Last weekend for #couchto14er training, I hiked the Catamount Trail, a six-mile out-and-back (more appropriately an up-and-down, I suppose) in Green Mountain Falls (a small town west of Colorado Springs), with my dear friend Carrie. I think it was the longest I've ever hiked at one time so far, with an elevation gain of almost 1,900 feet, and it took us about three hours total.
While we trekked along, we came up with a list of random hiking-related questions, and I knew exactly who to go to for answers: Hiking Bob.
Avid outdoorsman Bob Falcone (@hikingbob on Twitter) is a bit of a local celebrity — he's also known as @bobfireman and has been quite helpful over the past "summers of flames" to the community. You can learn more about him at hikingbob.com, or follow his new outdoors blog on the Colorado Springs Independent website here.
Hiking Bob generously agreed to answer all of my questions. Some of the answers will be helpful as I plod along on my #couchto14er journey, and one in particular (as you'll see) will be helpful to accomplishing my #40before41 list. So without further ado...
Dear Hiking Bob:
1. Trekking poles. Yes? No? If yes, single pole or a pair? Advantages? Disadvantages?
I rarely go without one. I usually use just one, mostly for stability. It helps with hopping down from rocks, or on slippery/icy terrain. It also gives me something to poke around with, especially if I think a rattlesnake is nearby. :) If you're going backpacking and carrying a heavy pack, then use two, since they help to take the load off your torso and feet.
2. I spend most of my time looking at my feet, and I feel like I tend to miss the scenery around me. Is this common? If so, how do I see more beyond my feet, and if not, how do I personally get more comfortable with looking up?
Not uncommon and it happens with me, too. Watching your feet isn't bad, since it keeps you from tripping over something and doing a face-plant. I usually just stop every once in a while and look around. If I know the trail well, or can see that it's nice and clear and has no trip hazards, then I keep my head up and see more of the scenery. When I'm on a new trail I tend to stop and look around (or at least slow down and look around) since it's new and I don't want to miss anything.
3. How much water do you recommend carrying?
Most often, I carry a 100oz (approx. 3 liter) hydration pack. I usually don't need a lot of water when I'm on a trail, so I rarely ever go through all of it, even on a long hike. I also have a small 70oz pack for shorter hikes (like the Incline) or when cycling. The larger pack is big enough to carry a number of extras. Mine typically contains at least my personal locator beacon, first aid kit, poncho, water filter, snacks, and a map. For really short, easy hikes, OR hikes where I'll be consistently near water, I carry a CamelbakAll-Clear bottle. It has a UV light in the cap that allows me to take water right from a stream and the UV light purifies the water. On really long hikes, I'll carry the bottle and use it to purify the water and then refill my hydration pack. SO...back to your original question...for most hikers, I usually recommend carrying more water than you think you need until you've done a number of hikes and have gotten an idea of how much water you typically consume. From there you can gauge how much to carry. A little too much is better than running out.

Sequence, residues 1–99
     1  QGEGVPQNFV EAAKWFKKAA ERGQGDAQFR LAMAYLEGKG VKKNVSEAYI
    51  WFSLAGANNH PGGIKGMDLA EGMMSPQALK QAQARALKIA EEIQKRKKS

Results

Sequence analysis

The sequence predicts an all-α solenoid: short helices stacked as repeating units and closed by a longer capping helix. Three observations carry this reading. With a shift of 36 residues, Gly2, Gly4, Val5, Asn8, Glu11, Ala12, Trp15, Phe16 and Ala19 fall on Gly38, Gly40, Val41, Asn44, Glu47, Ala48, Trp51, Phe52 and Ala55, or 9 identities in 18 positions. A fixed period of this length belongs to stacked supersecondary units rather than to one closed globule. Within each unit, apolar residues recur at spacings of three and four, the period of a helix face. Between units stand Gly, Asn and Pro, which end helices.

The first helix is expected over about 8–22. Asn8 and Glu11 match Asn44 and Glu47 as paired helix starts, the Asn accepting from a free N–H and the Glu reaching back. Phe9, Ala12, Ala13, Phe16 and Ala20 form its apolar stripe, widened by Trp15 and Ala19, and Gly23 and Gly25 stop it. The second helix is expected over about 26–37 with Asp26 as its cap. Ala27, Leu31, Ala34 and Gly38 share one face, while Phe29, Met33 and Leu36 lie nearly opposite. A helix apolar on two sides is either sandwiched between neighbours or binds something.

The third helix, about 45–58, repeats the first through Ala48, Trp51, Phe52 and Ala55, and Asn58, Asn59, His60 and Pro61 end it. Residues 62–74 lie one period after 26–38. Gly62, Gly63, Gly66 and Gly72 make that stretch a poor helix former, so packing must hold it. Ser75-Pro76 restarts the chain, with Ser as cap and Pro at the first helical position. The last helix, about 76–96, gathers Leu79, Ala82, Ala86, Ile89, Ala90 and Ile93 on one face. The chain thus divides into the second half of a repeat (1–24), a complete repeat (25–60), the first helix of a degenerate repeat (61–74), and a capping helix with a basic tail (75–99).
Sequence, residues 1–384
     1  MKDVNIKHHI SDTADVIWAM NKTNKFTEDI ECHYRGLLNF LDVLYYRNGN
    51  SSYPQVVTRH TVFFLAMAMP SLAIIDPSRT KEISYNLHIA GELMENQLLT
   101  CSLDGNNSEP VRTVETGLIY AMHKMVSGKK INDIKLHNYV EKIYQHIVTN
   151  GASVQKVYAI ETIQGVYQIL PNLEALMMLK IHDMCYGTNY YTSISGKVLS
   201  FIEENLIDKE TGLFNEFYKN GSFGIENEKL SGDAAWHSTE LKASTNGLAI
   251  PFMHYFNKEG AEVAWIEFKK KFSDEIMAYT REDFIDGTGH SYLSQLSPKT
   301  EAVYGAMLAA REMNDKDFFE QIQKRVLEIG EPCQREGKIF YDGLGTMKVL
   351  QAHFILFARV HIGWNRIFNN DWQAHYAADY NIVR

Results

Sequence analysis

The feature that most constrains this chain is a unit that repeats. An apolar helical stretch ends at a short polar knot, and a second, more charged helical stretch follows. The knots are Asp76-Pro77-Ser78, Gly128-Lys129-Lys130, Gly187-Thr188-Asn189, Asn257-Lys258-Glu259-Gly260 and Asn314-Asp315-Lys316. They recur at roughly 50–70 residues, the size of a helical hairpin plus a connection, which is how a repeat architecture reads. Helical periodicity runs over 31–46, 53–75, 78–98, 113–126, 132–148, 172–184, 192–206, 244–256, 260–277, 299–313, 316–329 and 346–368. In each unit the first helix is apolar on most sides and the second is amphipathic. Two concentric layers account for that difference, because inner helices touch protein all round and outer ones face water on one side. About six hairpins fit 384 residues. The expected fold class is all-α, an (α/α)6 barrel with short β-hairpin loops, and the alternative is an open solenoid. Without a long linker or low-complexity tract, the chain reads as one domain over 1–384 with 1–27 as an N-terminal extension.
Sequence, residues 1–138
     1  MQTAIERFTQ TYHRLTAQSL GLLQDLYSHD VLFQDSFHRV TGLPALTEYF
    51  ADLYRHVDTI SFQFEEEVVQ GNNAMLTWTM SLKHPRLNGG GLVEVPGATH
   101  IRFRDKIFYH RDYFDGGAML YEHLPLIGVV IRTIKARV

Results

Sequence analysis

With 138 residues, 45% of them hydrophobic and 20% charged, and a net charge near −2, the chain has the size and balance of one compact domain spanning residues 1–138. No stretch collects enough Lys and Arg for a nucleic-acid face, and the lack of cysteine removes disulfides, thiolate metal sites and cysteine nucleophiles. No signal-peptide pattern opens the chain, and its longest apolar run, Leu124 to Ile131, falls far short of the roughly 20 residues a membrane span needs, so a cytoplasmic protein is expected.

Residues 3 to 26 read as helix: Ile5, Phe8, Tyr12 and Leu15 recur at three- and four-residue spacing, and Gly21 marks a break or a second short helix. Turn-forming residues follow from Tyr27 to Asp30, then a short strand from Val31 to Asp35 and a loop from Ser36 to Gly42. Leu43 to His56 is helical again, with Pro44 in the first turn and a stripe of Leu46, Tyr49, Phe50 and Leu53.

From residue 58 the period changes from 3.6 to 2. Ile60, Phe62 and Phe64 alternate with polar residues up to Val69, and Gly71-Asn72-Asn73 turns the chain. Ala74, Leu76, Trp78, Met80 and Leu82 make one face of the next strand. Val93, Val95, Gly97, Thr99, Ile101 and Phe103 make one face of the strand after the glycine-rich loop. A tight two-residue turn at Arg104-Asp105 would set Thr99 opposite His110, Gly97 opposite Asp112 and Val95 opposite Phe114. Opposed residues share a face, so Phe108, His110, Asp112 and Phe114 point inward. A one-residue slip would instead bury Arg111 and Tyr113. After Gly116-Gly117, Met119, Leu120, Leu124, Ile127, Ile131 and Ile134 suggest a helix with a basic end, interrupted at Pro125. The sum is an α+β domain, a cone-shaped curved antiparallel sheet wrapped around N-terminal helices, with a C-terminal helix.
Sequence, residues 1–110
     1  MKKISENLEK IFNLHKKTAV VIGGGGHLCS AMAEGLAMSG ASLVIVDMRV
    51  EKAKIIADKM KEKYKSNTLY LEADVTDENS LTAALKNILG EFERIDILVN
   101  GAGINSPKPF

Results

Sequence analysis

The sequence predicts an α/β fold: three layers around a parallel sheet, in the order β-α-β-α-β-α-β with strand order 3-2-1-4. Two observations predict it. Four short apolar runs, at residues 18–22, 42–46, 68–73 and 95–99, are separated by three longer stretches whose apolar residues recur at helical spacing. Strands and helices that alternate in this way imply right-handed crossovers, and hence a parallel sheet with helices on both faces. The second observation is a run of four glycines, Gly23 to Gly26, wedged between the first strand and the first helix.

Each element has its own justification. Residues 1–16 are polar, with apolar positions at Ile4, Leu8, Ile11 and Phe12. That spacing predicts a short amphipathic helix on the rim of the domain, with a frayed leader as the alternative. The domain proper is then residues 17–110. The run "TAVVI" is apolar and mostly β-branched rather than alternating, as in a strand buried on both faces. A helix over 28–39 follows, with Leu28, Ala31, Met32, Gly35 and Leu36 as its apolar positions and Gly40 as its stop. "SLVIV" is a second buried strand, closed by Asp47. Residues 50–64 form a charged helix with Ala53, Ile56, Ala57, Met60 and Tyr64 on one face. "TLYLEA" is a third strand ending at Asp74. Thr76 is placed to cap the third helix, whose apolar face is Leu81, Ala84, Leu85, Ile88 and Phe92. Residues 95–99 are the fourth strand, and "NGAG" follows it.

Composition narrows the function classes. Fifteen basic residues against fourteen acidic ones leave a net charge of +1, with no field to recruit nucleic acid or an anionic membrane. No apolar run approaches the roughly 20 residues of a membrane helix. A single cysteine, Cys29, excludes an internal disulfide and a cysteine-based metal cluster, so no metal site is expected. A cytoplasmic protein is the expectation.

4. Why do hikers heading up have the right away?
Uphill hikers have the right-of-way because of momentum. If I've got a good head of steam (so to speak) and I'm moving up hill at a good pace, I don't want to stop and and ruin that momentum. Getting that momentum back can be hard and tiring. This is why cars driving uphill have the right of way, too. While the "uphill has the right of way" rule is a good one, many times the uphill hiker will stop to rest and let the downhill hiker have the trail. That's fine, but the uphill hiker makes that call.
5. Should I or shouldn’t I have eaten the wild raspberries Carrie found while hiking the Catamount Trail?
Eating the berries is fine if you NEED to eat something (but you should bring snacks with you). Otherwise, the wildlife (bears, deer, etc.) depend on the wild fruit to sustain themselves.
6. And last, but certainly not least, oh guru of local trails, any suggestions for hidden spots to skinny dip?
Hmmm... Skinny dipping? I'm not a skinny dipper (never have...yeah, odd...). There are two semi-secluded places that I can think of. The first is the "punch bowls" in Queens Canyon above the Dorothy Falls. BUT...that area has been closed since the Waldo fire. It's kind of a crapshoot if you'll have the bowls to yourself. When the area was open, guests at the Navigators would frequently hike up there and swim (I never saw anyone skinny dipping), but on other trips up there I wouldn't see anyone. You may want to keep it in mind for when Queens Canyon finally re-opens. There is another spot that may work, but it'll take some work to get to it (and paying the toll on the Pikes Peak Highway). It's within the first 3 miles of the road from the toll booth, so not at high elevation. Getting there would require a map, and maybe a GPS, even though the hike is barely more than a mile. I'll send you the details, but you might have to keep this one to yourself...
Hey, thanks a bunch, Bob! If you've got questions for him, post below and I'll pass along (or find him at any of his social media sites).